Juvenile Jungle

Watch Juvenile Jungle

"A jet-propelled gang...Out for fast kicks!"
  • Passed
  • 1958
  • 1 hr 9 min
  • 6.1  (81)

Juvenile Jungle is a classic 1950s coming-of-age drama that delves into the lives of a group of teenagers living in a rough neighborhood. The film stars Corey Allen as Stan, the leader of a gang of juvenile delinquents, Rebecca Welles as Susan, his love interest, and Richard Bakalyan as Moose, Stan's best friend and right-hand man. The film centers around Stan and his gang as they navigate the challenges of growing up amid poverty and violence in their urban environment. They are constantly getting into trouble with the law and with rival gangs, but they remain fiercely loyal to each other and to their code of honor.

As the movie opens, we see Stan and his gang stealing a car and joyriding through the city streets. Their carefree antics are cut short when they cross paths with a rival gang led by the sadistic Blackie, played by John Goddard. The two groups engage in a tense standoff, which is eventually broken up by the police. This incident sets the stage for the rest of the film, as tensions between the two gangs escalate and violence erupts.

The heart of the movie lies in the relationship between Stan and Susan. Despite coming from different worlds – Susan is a wealthy, sheltered girl who lives in a mansion on a hill, while Stan and his gang dwell in the urban jungle below – the two are drawn to each other. Their romance is sweet and earnest, but also tinged with a sense of desperation, as they both know that their love is unlikely to survive the harsh realities of their surroundings.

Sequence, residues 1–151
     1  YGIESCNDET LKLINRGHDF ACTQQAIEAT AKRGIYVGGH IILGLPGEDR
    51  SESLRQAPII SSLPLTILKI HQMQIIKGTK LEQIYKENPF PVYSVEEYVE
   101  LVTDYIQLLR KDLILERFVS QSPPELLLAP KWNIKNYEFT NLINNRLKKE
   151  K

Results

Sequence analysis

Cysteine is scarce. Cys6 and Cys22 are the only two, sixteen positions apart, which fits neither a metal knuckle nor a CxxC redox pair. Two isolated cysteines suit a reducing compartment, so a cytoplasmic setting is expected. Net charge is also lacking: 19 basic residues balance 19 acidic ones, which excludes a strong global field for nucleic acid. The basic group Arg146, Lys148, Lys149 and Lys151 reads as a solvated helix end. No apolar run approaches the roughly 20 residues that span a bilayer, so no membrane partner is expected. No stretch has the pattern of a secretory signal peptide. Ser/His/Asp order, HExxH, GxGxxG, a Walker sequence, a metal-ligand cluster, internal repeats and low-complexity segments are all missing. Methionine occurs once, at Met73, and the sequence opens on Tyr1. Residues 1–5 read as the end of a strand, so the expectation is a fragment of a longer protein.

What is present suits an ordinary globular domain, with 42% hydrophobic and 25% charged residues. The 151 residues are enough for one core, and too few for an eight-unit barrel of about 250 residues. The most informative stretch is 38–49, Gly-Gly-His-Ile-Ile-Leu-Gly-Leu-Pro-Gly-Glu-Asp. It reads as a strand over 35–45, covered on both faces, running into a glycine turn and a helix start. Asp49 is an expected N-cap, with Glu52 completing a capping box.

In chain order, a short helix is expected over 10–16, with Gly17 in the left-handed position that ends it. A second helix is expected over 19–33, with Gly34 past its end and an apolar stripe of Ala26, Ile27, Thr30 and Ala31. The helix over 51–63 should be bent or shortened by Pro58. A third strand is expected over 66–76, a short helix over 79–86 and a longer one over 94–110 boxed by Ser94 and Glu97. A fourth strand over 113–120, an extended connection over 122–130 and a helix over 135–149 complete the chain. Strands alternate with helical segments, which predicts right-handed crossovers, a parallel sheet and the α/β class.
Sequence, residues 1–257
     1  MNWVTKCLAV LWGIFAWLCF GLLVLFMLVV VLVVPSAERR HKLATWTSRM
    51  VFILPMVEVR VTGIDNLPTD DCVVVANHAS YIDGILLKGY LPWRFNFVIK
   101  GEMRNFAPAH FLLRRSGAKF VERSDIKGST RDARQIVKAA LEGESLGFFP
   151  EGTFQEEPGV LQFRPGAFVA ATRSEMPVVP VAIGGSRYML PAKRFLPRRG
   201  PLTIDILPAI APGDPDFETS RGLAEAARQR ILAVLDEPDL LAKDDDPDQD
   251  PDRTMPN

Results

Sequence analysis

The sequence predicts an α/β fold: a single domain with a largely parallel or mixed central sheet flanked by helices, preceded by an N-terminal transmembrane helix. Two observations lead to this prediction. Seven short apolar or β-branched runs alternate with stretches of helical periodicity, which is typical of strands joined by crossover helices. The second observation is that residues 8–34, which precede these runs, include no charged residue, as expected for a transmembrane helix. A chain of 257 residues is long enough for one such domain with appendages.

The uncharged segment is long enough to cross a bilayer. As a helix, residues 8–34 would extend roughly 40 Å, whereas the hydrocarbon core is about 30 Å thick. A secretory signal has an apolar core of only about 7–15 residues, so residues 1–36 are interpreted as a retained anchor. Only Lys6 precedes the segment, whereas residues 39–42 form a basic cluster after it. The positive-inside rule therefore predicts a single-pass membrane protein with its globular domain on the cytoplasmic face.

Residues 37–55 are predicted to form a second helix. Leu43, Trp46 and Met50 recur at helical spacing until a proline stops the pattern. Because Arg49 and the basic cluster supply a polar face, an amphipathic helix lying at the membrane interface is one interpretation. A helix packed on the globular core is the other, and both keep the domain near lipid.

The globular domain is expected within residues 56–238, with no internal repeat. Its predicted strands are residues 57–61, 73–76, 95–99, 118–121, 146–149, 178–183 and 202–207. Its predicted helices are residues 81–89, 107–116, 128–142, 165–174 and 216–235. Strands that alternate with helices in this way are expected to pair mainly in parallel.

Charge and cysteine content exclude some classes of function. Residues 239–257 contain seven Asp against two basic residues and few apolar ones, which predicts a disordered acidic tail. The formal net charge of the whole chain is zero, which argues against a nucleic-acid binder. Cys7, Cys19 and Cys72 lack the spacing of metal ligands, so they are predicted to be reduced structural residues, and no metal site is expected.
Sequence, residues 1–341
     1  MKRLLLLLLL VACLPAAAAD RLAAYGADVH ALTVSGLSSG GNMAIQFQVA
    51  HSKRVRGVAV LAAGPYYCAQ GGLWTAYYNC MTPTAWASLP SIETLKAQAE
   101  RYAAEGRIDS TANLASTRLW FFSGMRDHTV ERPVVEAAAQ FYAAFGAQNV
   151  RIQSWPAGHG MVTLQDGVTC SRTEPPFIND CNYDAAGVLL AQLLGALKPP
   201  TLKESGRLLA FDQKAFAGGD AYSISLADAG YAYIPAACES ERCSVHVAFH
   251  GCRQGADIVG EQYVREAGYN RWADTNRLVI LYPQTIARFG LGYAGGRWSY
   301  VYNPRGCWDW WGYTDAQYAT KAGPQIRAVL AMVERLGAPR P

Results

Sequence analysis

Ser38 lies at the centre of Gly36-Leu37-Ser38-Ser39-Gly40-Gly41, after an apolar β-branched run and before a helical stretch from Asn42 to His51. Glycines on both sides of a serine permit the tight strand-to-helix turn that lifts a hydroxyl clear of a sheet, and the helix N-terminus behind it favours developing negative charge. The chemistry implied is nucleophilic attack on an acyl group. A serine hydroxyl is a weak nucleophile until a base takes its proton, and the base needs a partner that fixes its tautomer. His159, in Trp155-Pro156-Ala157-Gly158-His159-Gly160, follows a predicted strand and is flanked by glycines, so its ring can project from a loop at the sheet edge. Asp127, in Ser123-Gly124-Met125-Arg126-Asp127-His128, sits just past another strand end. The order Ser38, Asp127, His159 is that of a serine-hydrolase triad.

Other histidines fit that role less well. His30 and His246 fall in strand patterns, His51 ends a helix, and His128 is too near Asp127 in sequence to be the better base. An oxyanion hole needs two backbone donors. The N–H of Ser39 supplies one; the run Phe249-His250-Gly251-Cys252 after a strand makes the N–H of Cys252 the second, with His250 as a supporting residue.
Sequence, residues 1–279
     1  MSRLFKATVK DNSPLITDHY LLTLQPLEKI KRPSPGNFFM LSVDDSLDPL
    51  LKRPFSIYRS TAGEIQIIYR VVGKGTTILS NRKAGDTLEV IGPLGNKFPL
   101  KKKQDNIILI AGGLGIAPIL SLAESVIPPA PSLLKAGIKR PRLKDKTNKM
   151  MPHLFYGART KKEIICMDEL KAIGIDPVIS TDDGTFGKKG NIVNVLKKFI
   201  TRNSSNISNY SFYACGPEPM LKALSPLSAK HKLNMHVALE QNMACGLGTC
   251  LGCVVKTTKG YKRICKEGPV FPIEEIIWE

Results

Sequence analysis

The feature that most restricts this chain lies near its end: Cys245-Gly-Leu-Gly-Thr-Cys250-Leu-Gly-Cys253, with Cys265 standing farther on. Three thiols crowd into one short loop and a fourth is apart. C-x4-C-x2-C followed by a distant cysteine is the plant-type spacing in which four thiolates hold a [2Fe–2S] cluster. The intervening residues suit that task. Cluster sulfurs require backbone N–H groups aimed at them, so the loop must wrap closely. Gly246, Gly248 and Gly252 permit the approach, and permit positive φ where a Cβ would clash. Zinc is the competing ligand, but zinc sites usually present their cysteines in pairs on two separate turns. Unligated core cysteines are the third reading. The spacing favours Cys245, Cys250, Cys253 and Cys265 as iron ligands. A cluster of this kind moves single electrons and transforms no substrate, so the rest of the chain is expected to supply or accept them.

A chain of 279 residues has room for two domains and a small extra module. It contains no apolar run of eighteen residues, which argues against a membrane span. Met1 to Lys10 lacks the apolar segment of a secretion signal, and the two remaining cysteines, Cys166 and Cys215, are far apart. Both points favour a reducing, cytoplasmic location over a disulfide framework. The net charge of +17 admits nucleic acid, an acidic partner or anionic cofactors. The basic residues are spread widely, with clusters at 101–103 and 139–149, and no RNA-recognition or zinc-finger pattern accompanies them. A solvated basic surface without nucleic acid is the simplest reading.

Stan's friendship with Moose is also an important aspect of the film. Moose is a big, lovable lug who provides comic relief, but he's also fiercely loyal and willing to do whatever it takes to protect his friends. This loyalty is put to the test when Stan and Blackie engage in a brutal knife fight, and Moose must intervene to save Stan's life.

The film is notable for its frank portrayal of the harsh realities of life in the inner city. The characters live in squalid conditions, and the streets are ruled by gangs and criminals. The police are largely ineffective, and the only justice that exists is the kind that is meted out by the gangs themselves. The film also deals with issues of race and class, as Stan and his friends are all white, while Blackie and his gang are African American.

Despite its grim subject matter, Juvenile Jungle ultimately delivers a message of hope. The characters are flawed and imperfect, but they are ultimately redeemed by their love for each other and their willingness to stand up for what they believe in. The film ends on a bittersweet note, as we see Stan and Susan realizing that they may never be able to be together, but also acknowledging the depth of their feelings for each other.

Overall, Juvenile Jungle is a powerful, poignant film that captures the spirit of its era. Its characters are richly drawn and the story is gripping, with a powerful emotional resonance that still resonates today. Whether you're a fan of classic cinema or just looking for a thought-provoking drama, this is a movie that should not be missed.

Juvenile Jungle
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  • Release Date
  • MPAA Rating
  • Runtime
    1 hr 9 min
  • Language
  • IMDB Rating
    6.1  (81)